Finally, we will examine growing role of agencies. As you read in Week Two, in the Federalist No. 47, James Madison wrote, “The accumulation of all powers, legislative, executive, and judiciary, in the same hands, whether of one, a few, or many, and whether hereditary, self-appointed or elective, may justly be pronounced the very definition of TYRANNY.” This week Pestritto will examine the case of the C.T. Chenery Corporation where government agencies seem to exhibit Madison’s concern and the role of agencies.
In the Wall Street Journal editorial, Toward a 21st-Century Regulatory System, (January 18, 2011) United States President Barack Obama wrote about the need for a proper balance between good government and the threat of unrestricted agencies: “For two centuries, America’s free market has not only been the source of dazzling ideas and path-breaking products, it has also been the greatest force for prosperity the world has ever known. That vibrant entrepreneurialism is the key to our continued global leadership and the success of our people.
“But throughout our history, one of the reasons the free market has worked is that we have sought the proper balance. We have preserved freedom of commerce while applying those rules and regulations necessary to protect the public against threats to our health and safety and to safeguard people and businesses from abuse.
Compose a reflection of at least 400 words in which you explain what answer you believe Pestritto; Messmore; Dreier and Flacks, and Halpin, Williams, and Teixeira (four entries total) would give to the following question:
Should the US Department of Education be abolished?
In your essay, convey the answer that you feel each selected author would be most likely to give to the question based on what the author has to say in his or her reading. The author most likely does not explicitly address the question being asked; you will, therefore, have to understand each author well enough to predict accurately how he or she would be most likely to respond to the question. As you read the assigned texts, you should keep the question in mind, which, I hope, will help you determine what is most important in the reading and what you can merely skim.
“From child labor laws to the Clean Air Act to our most recent strictures against hidden fees and penalties by credit card companies, we have, from time to time, embraced common sense rules of the road that strengthen our country without unduly interfering with the pursuit of progress and the growth of our economy.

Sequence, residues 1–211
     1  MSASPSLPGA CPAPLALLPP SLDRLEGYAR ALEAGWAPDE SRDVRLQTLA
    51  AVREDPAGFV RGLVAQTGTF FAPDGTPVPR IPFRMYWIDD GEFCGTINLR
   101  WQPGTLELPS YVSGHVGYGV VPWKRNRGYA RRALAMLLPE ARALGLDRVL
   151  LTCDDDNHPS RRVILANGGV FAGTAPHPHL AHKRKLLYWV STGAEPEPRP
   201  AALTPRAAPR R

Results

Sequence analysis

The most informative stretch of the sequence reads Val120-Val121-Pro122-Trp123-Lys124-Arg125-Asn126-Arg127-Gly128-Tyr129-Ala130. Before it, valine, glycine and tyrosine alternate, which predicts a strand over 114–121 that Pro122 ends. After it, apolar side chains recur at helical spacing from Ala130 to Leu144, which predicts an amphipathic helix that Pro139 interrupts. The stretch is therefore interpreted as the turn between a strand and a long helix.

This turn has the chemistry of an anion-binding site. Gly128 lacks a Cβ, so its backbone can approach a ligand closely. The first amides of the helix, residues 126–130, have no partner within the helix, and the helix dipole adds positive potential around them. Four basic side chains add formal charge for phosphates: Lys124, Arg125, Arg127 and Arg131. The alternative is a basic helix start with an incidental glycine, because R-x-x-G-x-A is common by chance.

Sometimes, those rules have gotten out of balance, placing unreasonable burdens on business—burdens that have stifled innovation and have had a chilling effect on growth and jobs.”
In your readings ‘The birth of the administrative state: where it came from & what it means for limited government’ Pestritto tells us that the modern state is “empowered…with broad governing authority…[which] reside within the executive branch…but their powers transcend the traditional boundaries of executive power to include both legislative and judicial functions.”
As you see the debate to decide the effective size and role of government is complex. Today our two primary parties argue these issues when deciding budgets, regulations and laws and if you examine each party’s platform, you will also recognize this issue.
Advocates of Limited Government:
Ron Pestritto: “The Birth of the Administrative State: Where It Came From and What It Means for Limited Government”
Ryan Messmore: “A Moral Case against Big Government”
Progressivism and Expansive Government:
Peter Dreier and Dick Flacks: “Patriotism and Progressivism”
John Halpin and Conor P. Williams: “What is Progressivism?”
Ruy Teixeira and John Halpin: “The Progressive Tradition in American Politics” [pay particular attention to the bullet list, Progressive reforms: A century of accomplishments”]